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Impact of smoking on efflorescence formation on dry-fermented sausages

Walz, Felix H., Gibis, Monika, Herrmann, Kurt, Weiss, Jochen
Food structure 2019 v.20 pp. 100111
chemical analysis, creatine, fermented sausages, lactic acid, magnesium, meat processing plants, pH, processed meat, smoke, statistical analysis, storage time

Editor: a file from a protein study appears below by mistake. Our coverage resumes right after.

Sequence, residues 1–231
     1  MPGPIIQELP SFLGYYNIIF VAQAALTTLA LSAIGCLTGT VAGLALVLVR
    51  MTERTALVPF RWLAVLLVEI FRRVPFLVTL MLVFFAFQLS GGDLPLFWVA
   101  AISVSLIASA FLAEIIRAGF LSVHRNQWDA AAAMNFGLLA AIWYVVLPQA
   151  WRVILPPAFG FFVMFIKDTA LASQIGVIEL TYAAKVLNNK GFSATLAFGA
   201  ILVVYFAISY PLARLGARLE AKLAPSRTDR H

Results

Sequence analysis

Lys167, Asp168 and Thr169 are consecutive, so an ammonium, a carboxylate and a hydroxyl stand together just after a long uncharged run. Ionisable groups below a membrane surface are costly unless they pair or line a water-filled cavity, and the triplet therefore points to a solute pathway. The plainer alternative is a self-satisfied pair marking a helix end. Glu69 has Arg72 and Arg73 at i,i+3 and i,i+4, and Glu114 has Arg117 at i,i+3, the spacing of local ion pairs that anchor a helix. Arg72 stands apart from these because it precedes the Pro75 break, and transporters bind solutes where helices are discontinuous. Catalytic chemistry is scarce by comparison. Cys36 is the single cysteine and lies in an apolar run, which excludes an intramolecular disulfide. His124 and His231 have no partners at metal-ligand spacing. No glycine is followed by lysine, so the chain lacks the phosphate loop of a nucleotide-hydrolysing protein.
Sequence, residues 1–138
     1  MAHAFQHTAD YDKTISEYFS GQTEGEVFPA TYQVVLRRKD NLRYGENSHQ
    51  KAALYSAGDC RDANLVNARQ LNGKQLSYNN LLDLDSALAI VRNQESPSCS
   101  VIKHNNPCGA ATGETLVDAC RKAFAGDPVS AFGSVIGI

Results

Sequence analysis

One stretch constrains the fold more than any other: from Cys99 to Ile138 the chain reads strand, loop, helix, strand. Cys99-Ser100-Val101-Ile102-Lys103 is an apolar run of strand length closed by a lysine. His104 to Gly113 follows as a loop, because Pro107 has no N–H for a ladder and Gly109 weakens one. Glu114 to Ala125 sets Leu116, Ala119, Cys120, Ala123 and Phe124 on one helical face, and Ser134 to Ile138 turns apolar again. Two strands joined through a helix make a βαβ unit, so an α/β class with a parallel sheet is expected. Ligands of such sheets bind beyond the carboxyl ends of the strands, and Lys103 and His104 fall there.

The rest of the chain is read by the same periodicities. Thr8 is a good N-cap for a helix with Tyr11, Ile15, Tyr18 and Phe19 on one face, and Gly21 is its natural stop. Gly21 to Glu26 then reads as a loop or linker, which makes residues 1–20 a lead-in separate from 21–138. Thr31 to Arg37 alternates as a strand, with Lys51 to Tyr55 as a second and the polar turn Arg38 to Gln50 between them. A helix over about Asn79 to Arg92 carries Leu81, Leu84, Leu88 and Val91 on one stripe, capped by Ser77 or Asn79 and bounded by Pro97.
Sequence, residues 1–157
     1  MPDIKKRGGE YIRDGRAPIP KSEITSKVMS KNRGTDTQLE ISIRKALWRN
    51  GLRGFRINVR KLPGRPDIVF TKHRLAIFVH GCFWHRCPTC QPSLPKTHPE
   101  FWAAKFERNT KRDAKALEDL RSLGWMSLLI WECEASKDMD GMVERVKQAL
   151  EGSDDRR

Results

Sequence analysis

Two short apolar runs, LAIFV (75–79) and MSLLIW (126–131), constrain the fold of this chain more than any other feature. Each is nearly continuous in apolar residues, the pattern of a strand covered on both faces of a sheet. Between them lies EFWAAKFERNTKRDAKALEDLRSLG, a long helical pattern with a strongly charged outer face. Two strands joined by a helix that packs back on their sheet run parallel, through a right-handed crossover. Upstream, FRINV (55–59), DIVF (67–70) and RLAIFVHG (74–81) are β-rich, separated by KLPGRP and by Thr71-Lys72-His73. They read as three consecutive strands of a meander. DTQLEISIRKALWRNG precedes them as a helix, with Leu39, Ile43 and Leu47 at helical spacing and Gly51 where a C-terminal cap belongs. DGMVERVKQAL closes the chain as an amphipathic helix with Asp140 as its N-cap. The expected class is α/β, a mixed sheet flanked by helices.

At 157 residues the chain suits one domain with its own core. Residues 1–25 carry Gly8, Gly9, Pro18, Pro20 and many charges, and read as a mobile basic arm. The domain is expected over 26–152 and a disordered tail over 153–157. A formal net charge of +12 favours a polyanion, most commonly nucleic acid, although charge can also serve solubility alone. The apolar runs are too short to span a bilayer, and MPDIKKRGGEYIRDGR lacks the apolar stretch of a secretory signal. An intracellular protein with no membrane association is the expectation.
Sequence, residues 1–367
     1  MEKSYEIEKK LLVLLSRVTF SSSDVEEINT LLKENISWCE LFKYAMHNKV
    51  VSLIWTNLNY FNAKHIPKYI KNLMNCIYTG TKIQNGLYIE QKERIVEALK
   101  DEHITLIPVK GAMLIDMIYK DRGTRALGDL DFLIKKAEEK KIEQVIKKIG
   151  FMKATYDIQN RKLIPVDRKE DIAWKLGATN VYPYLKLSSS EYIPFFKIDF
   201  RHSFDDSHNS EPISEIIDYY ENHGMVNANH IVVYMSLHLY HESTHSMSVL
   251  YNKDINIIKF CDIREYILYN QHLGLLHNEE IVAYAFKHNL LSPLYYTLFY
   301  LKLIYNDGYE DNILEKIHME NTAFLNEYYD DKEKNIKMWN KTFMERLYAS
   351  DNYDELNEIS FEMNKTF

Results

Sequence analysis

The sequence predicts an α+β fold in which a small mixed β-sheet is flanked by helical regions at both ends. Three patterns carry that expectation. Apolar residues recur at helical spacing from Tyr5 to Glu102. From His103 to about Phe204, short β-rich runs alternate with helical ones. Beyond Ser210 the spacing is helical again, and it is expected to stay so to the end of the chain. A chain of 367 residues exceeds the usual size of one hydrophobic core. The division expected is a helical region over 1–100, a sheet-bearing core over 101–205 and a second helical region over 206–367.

The formation of white deposits (efflorescences) on the surface of dry-fermented sausages has been an increasing challenge in the European meat processing industry. As such, the current study investigated the impact of smoking on the formation of efflorescences. We therefore utilized a multistep procedure. Firstly, dry-fermented Salami-type sausages (20 mm caliber) were produced and subsequently exposed to different smoking times (0, 30, 60, and 120 min). Secondly, modified atmosphere was applied to induce efflorescence formation on Salami-type sausages over a storage period of 8 weeks. Thirdly, the surface of the sausages was analyzed by both visual and chemical methods to quantify the amount and major components, which induce the formation of efflorescences. The results revealed that multiple effects simultaneously occurring influenced the efflorescence formation. An increase in smoke exposure significantly decreased the amount of efflorescences on the surface during storage (0 min = 31.6% >30 min = 24.6% >60 min = 7.5% > 120 min = 3.4%) due to a decrease in surface pH. In addition, magnesium, lactate, and creatine were identified as the major components depositing on the surface of the sausages during smoking and storage. Statistical analysis showed high correlation scores between visual and chemical analysis (0.751–0.971), particularly of magnesium indicating its function as a major agent in the formation of efflorescences. Our results might have important implications for the production of processed meat products.